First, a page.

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After an international tribunal invalidated Beijing's claims to the South China Sea, Chinese authorities have declared in no uncertain terms that they will be ignoring the ruling.

The Philippines brought the case to arbitration at the Hague, objecting to China's claims to maritime rights in the disputed waters. The tribunal agreed that China had no legal authority to claim the waters, and was infringing on the sovereign rights of the Philippines.

Donald Trump is firing back at Supreme Court Justice Ruth Bader Ginsburg after she made disparaging comments about him in several media interviews. He tweeted late Tuesday that she "has embarrassed all" with her "very dumb" comments about the candidate. Trump ended his tweet with "Her mind is shot - resign!":

Donald Trump wrapped up his public tryout of potential vice presidential candidates in Indiana Tuesday night with Gov. Mike Pence giving the final audition.

The Indiana governor's stock as Trump's possible running mate is believed to be on the rise, with New Jersey Gov. Chris Christie and former House Speaker Newt Gingrich also atop the list. Sources tell NPR the presumptive GOP presidential nominee is close to making a decision, which he's widely expected to announce by Friday.

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The unassuming hero of Jonas Karlsson's clever, Kafkaesque parable is the opposite of a malcontent. Despite scant education, a limited social life, and no prospects for success as it is usually defined, he's that rarity, a most happy fella with an amazing ability to content himself with very little. But one day, returning to his barebones flat from his dead-end, part-time job at a video store, he finds an astronomical bill from an entity called W.R.D. He assumes it's a scam. Actually, it is more sinister-- and it forces him to take a good hard look at his life and values.

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Donald Trump picked a military town — Virginia Beach, Va. — to give a speech Monday on how he would go about overhauling the Department of Veterans Affairs if elected.

He blamed the Obama administration for a string of scandals at the VA during the past two years, and claimed that his rival, Hillary Clinton, has downplayed the problems and won't fix them.

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The season for blueberries used to be short. You'd find fresh berries in the store just during a couple of months in the middle of summer.

Now, though, it's always blueberry season somewhere. Blueberry production is booming. The berries are grown in Florida, North Carolina, New Jersey, Michigan and the Pacific Northwest — not to mention the southern hemisphere.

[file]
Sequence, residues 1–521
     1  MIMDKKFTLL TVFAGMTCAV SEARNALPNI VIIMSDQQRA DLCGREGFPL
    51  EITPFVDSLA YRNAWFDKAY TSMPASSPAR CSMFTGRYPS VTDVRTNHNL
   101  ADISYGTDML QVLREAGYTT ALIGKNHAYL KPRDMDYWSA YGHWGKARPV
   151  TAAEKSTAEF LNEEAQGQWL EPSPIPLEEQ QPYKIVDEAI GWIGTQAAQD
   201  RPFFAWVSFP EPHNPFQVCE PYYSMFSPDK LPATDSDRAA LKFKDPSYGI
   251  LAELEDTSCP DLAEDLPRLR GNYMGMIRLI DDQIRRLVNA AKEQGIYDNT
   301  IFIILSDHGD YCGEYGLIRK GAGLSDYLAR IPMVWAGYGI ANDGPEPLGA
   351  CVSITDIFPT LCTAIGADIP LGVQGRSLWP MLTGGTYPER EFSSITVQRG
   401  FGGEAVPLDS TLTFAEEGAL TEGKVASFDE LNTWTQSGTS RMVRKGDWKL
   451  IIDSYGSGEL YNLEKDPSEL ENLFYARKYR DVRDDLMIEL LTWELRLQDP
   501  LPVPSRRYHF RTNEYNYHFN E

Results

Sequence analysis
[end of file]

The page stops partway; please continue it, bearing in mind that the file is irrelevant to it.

But in any one location, the season is still short. And this means that workers follow the blueberry harvest, never staying in one place for long.


Congress Averts Government Shutdown, But Still Divided On Payroll Tax Cut

Dec 16, 2011
Originally published on December 16, 2011 1:59 pm

Update at 1:50 p.m. ET. Government Will Not Shutdown:

The House of Representatives just passed a $1 trillion spending bill that will keep the government running through the fall. Congress, however, is still deadlocked on two major pieces of legislation. The extension of the payroll tax cut, which is a priority for the Obama administration and an extension of jobless benefits to to the long-term unemployed.

Our Original Post Continues:

While it looks like there won't be a partial shutdown of the federal government later today, thanks to a deal on a $1 trillion-plus spending measure, there's still no agreement on extending the program that provides jobless benefits to the long-term unemployed or on extending a cut in the payroll tax.

As NPR's Tamara Keith said on Morning Edition, however, even though Republicans and Democrats have sharp disagreements on how to get those extensions done, lawmakers really, really don't want to go home for the holidays without having some taken action on the payroll tax and unemployment benefit issues. So stay tuned.

According to The Washington Post, the solution that members of Congress come up with on the payroll tax cut extension might basically be to kick the issue down the road. Lawmakers are "considering extending the $120 billion tax break for two months to buy more time to determine how they offset the benefit's cost so it does not add to the federal deficit," the Post says.

The Associated Press says there's talk among lawmakers about also extending the long-term unemployment benefits for another two months.

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